The Munich lighthouse demonstration area within the SMARTER TOGETHER project is located at the western edge of the city, and includes both the large urban redevelopment area Neuaubing-Westkreuz and the flagship new development area Freiham, set to become a model of low-carbon development for up to 20 000 new residents and 7 500 new jobs. With the aid of cutting-edge technology and the intelligent use of data, Munich’s objectives are to cut CO2 emissions by more than 20 %, raise the use of renewable energy to above 20 % and increase energy efficiency by more than 20 %.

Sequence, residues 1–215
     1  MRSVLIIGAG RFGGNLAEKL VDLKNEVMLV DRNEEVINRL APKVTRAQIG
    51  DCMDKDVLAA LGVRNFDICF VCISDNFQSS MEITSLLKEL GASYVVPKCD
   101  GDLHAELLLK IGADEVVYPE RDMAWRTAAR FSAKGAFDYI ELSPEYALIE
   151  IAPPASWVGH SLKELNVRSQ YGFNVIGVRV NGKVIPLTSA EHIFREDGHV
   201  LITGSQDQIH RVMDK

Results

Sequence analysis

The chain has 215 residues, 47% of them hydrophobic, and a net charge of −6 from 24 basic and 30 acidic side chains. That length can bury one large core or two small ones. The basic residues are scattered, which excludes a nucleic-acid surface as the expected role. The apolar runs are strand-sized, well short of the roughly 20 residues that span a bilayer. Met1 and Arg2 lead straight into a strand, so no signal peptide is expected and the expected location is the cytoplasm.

Waste-to-energy is the use of waste products for energy purposes. After the reduction, reuse and recycling of materials, non-recicable municipal solid waste can be reused to produce electricity or heat before the remaining waste is treated and disposed of. A common method of waste-to-energy is waste incineration in a complex system of combustion, heat transfer and exhaust gas filtering. Other energy recovery methods are pyrolysis, gasification, anaerobic digestion and landfill gas recovery. While large-scale waste incineration does not count as renewable energy, it comprises a significant part of the energy mix of several European countries such as Denmark and Sweden. Waste-to-energy is mainly a waste management option that reduces the volume of solid waste in landfills and offsets the need for the extraction of fossil energy carriers.